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Gut Microbiota Diversity in the Young and Old

A factor in disease conditions and aging?

In recent decades, there has been an explosion of information regarding the role that the human microbiota plays in both health and disease. Projects such as the National Institutes of Health Human Microbiome Project,[1] and similar collaborative efforts in other countries, have focused on the collection of human microbiome data from large populations for the purpose of increasing our knowledge about the microbes inhabiting the body.[2],[3] Combined with population data, these projects offer information about the impact of host and environmental factors on microbiota in average, healthy populations, as well as microbiome-associated variables that may point to disease risks.

Our microbiome includes the microbes that find their home not only in the gastrointestinal (GI) tract, but also the on the skin, respiratory tract, urogenital tract, and even the brain. These microbes predominantly consist of bacteria, although nonbacterial organisms such as viruses and fungi are also represented. The term “microbiome” refers not only to the microbiota and their habitat but also the collective genomes of the microbes, known as the “metagenome.”[4] Although some references estimate that the 100 trillion organisms comprising the human microbiome represent 10 times the number of cells in the human body,[5] a recent paper suggests that the ratio of microbes to human cells is closer to 1.3:1.[6] Regardless, both of these estimates reflect a substantial microbial population, whose function impacts not only the interfacing epithelial tissues, but also the function of our body within.

By far, the largest population of these microbes is found in the GI tract, which is home to nearly 1013 to 1014 microorganisms that represent between 500 to 1,000 unique bacterial species.[7],[8] The most significant influences on the development of the infant gut have been well established to be mode of birth and early feeding.[9] Compared to infants born vaginally, infants born by cesarean section have decreased bacterial diversity, or “richness” in the gut.[10],[11] Infants who are formula-fed also have decreased bacterial richness in the gut compared to those who are breastfed.[12] The neonatal gut continues to populate and diversify through childhood until it reaches a high level of diversity similar to the adult gut by about two to three years of age.[13] Studies have found an increased risk of obesity in children born by cesarean section,[14] while in adulthood, a lack of microbial diversity has been shown to be associated with an increased risk of obesity, metabolic syndrome, high cholesterol levels and inflammation.[15]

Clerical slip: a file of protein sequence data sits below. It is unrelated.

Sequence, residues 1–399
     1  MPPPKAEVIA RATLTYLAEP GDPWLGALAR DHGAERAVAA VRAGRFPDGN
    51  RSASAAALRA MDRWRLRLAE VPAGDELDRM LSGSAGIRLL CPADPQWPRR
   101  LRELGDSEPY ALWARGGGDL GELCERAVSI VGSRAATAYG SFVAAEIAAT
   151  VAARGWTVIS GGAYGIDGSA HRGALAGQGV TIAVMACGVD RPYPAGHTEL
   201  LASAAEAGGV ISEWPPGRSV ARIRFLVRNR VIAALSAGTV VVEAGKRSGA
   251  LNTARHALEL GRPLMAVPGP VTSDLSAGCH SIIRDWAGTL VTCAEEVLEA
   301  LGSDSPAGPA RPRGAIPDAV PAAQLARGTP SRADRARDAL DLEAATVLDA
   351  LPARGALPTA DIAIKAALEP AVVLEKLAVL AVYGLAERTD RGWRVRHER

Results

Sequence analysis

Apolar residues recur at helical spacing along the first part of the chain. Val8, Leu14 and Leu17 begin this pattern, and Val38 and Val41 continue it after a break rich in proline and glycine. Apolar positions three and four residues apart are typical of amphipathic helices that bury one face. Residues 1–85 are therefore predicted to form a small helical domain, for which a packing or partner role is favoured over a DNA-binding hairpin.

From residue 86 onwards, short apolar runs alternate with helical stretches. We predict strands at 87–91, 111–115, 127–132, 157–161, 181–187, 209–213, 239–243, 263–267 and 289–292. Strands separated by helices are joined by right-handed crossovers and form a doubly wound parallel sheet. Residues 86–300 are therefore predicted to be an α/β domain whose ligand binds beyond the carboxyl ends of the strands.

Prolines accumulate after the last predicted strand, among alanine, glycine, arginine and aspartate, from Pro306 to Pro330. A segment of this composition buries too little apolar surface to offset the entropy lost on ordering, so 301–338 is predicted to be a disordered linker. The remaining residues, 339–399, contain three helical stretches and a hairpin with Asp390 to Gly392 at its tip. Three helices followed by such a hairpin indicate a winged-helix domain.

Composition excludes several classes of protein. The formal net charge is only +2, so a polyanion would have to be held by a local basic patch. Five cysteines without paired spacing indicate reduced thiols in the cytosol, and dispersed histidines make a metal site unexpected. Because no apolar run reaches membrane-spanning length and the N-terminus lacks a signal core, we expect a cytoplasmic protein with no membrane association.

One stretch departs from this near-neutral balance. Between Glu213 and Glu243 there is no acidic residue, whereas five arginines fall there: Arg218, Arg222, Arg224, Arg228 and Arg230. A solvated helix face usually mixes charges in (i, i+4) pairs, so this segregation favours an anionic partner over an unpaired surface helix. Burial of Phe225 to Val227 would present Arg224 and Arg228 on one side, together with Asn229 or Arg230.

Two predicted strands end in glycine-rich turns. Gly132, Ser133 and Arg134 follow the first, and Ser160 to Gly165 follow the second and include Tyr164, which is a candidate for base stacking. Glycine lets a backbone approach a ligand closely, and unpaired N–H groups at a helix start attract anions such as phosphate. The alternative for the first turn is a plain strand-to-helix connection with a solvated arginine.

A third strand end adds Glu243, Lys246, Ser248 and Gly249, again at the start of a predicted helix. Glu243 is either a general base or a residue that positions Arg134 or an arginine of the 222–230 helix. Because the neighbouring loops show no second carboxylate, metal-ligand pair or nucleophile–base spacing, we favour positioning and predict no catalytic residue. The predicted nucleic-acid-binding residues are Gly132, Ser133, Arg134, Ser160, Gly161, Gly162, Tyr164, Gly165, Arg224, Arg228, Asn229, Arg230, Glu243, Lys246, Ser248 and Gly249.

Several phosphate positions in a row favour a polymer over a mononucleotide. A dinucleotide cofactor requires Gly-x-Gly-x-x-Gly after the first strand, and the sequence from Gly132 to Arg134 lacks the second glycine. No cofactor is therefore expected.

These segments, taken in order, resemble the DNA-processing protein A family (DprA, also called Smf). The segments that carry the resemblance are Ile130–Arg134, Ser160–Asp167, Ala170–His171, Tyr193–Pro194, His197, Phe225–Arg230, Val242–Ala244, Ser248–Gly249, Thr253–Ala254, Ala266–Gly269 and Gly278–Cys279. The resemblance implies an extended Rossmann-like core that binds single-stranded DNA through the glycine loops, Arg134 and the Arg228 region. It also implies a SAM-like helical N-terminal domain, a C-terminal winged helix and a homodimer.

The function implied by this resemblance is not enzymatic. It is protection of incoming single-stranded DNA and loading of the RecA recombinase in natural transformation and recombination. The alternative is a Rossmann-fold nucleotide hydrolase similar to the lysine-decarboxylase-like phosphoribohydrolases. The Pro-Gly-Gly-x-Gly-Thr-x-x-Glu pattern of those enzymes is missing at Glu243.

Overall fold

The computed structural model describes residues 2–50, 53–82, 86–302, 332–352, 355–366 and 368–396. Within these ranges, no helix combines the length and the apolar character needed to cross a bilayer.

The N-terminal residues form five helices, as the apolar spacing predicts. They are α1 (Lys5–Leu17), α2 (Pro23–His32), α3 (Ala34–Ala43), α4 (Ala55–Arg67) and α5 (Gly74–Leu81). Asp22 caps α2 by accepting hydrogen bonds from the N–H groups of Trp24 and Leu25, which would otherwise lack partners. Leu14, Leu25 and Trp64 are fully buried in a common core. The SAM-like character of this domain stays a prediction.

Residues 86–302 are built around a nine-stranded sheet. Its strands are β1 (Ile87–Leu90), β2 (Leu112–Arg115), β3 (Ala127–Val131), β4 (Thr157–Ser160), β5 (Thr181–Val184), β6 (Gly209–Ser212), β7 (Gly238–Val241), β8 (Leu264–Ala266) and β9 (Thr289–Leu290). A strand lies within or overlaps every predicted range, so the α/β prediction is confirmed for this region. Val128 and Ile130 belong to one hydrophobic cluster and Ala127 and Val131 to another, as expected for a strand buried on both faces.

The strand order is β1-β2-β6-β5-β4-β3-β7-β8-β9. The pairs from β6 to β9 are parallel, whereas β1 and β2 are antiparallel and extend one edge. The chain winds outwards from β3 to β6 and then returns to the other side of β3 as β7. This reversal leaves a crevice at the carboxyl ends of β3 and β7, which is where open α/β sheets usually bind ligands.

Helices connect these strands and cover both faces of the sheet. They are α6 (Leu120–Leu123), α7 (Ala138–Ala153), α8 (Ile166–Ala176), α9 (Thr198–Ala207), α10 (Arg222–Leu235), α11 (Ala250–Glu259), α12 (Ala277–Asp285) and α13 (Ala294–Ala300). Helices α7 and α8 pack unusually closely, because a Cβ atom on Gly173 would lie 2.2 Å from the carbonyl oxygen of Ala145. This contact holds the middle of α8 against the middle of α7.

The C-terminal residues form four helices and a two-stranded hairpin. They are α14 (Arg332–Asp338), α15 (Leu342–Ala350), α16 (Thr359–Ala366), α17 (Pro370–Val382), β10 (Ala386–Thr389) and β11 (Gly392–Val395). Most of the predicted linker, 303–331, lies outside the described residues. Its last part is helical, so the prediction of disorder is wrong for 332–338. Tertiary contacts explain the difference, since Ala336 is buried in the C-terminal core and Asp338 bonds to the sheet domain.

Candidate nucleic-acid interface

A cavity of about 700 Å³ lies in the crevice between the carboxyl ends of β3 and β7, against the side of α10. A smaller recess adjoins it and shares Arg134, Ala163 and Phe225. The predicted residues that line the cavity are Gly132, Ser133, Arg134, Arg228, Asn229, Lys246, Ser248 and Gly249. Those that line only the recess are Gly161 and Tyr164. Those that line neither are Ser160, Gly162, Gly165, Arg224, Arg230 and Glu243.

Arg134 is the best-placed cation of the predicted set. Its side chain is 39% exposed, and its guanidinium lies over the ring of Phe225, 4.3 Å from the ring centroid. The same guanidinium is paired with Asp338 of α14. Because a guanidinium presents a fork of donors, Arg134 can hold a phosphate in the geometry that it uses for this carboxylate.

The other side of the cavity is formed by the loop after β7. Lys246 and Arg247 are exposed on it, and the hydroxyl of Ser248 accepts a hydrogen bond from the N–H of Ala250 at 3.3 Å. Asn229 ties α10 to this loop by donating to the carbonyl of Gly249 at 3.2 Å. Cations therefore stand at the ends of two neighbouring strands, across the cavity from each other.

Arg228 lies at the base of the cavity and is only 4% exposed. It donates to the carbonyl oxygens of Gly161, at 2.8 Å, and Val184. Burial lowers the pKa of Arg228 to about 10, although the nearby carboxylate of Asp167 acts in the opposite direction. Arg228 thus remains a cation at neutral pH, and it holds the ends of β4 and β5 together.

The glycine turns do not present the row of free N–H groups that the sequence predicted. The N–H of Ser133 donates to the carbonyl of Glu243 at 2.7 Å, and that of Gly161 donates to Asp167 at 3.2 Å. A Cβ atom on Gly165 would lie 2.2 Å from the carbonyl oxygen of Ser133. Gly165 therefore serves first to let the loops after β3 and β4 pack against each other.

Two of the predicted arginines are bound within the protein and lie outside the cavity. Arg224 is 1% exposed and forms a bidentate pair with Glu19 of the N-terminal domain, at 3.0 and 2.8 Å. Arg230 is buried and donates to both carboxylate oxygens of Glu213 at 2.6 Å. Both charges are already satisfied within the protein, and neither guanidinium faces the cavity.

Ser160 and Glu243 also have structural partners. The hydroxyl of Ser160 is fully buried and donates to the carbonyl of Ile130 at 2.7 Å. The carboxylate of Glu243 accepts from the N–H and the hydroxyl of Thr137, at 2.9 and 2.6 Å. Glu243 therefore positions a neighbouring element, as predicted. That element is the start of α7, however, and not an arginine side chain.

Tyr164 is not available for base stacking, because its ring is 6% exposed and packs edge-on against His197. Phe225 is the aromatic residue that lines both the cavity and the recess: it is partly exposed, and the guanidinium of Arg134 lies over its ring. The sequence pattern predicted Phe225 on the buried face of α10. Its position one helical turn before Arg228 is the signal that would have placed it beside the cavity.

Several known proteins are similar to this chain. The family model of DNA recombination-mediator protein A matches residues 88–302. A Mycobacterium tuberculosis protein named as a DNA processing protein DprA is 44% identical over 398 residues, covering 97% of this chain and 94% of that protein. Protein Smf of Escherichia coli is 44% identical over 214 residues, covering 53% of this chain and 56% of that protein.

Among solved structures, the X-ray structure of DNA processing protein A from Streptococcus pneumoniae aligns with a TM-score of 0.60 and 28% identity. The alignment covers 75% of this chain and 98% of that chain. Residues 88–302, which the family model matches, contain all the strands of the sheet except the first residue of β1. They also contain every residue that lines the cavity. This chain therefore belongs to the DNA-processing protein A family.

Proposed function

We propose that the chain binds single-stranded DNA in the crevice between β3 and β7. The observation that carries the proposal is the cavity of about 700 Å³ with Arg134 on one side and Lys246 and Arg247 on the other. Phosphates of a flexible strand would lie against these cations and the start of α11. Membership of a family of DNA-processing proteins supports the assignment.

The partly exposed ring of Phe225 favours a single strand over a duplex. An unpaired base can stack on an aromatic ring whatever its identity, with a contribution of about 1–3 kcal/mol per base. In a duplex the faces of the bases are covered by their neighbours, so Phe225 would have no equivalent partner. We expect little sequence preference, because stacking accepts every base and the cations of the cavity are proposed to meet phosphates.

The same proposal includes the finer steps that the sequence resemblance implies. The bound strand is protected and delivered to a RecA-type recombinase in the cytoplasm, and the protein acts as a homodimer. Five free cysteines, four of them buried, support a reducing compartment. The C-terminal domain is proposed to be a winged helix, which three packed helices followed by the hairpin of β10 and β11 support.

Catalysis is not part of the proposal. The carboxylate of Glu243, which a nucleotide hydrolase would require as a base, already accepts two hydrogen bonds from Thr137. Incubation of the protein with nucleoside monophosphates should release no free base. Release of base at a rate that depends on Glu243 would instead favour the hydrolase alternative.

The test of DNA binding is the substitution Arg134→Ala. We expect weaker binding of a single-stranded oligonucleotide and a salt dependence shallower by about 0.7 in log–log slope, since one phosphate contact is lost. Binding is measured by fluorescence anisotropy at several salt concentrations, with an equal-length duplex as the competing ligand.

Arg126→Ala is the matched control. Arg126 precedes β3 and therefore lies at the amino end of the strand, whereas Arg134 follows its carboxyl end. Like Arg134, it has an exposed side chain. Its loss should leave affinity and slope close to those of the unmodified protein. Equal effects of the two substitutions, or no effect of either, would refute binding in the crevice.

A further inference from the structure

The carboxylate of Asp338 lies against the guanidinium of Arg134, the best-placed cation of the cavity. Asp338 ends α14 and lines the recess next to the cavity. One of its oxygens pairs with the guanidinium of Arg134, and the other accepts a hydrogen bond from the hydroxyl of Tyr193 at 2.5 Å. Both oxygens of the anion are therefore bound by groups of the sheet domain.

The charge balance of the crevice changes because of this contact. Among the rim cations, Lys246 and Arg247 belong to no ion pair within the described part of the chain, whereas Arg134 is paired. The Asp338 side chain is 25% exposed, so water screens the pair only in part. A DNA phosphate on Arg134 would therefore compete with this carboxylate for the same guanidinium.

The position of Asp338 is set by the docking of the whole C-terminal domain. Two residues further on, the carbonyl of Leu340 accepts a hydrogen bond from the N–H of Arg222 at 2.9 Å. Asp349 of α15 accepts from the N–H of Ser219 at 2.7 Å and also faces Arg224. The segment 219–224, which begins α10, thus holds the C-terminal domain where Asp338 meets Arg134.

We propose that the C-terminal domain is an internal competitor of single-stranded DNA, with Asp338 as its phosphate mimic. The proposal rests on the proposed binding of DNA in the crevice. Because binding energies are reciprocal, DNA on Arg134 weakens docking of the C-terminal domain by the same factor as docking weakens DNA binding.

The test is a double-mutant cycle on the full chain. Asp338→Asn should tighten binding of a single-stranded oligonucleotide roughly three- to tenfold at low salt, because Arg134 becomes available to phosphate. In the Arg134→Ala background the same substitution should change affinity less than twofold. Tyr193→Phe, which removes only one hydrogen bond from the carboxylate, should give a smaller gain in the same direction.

Gut microbial diversity in the elderly

A reduction in in gut microbiota diversity is not only seen with obesity,[16] but also in the process of aging,[17] particularly with early frailty and the use of multiple medications.[18],[19] Reduced diversity can contribute to the increased representation of pathogens, as well as a decline in the healthy immune system response to infections. Probiotics have been shown to be effective for restoring the microbiota decline seen with aging,[20] and in clinical studies with elderly populations they have been observed to improve digestive symptoms and immune system function.[21],[22] Probiotics also have evidence indicating they may prevent C. difficile infection which the elderly, particularly those in hospitals and residential facilities, are more at risk of.[23] Bifidobacterium lactis is one specific strain being shown in the elderly to increase immune surveillance, which is not only important for infections, but also the prevention of cancer.[24]

Gut microbial diversity in children

In children, a healthy and diverse gut microbiome is important for reducing infection and may help reduce the occurrence of common pediatric conditions. Reduced gut microbiota diversity in children has been shown to be associated with allergic disease, asthma and inflammatory bowel disease (IBD) in children.[25],[26],[27] Good results with the probiotic combination of Lactobacillus acidophilus DDS® -1 and B. lactis UABLA-12™ have been seen in clinical trials in settings of atopic dermatitis and respiratory tract health. In children ranging from one to three years in age, the combination was shown to significantly improve eczema symptoms and reduce the need for topical hydrocortisone cream.[28] It also reduced the time to recovery from acute respiratory tract infections as well as symptom severity and the need for medications.[29],[30]

The gut microbiota will clearly be a focus of research for microbiologists and physicians for years to come, however, studies such as these increasingly shed light on the importance of the healthy bacteria in the gut. Select strains of probiotic bacteria such as B. lactis and L. acidophilus have been demonstrated to deliver therapeutic benefit and are important to consider when supporting the health of the young and the elderly.


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Leaky Gut, Autoimmunity, and Lipopolysaccharide (LPS) – Oh My!
Mastering Irritable Bowel Syndrome – Knowledge is Power

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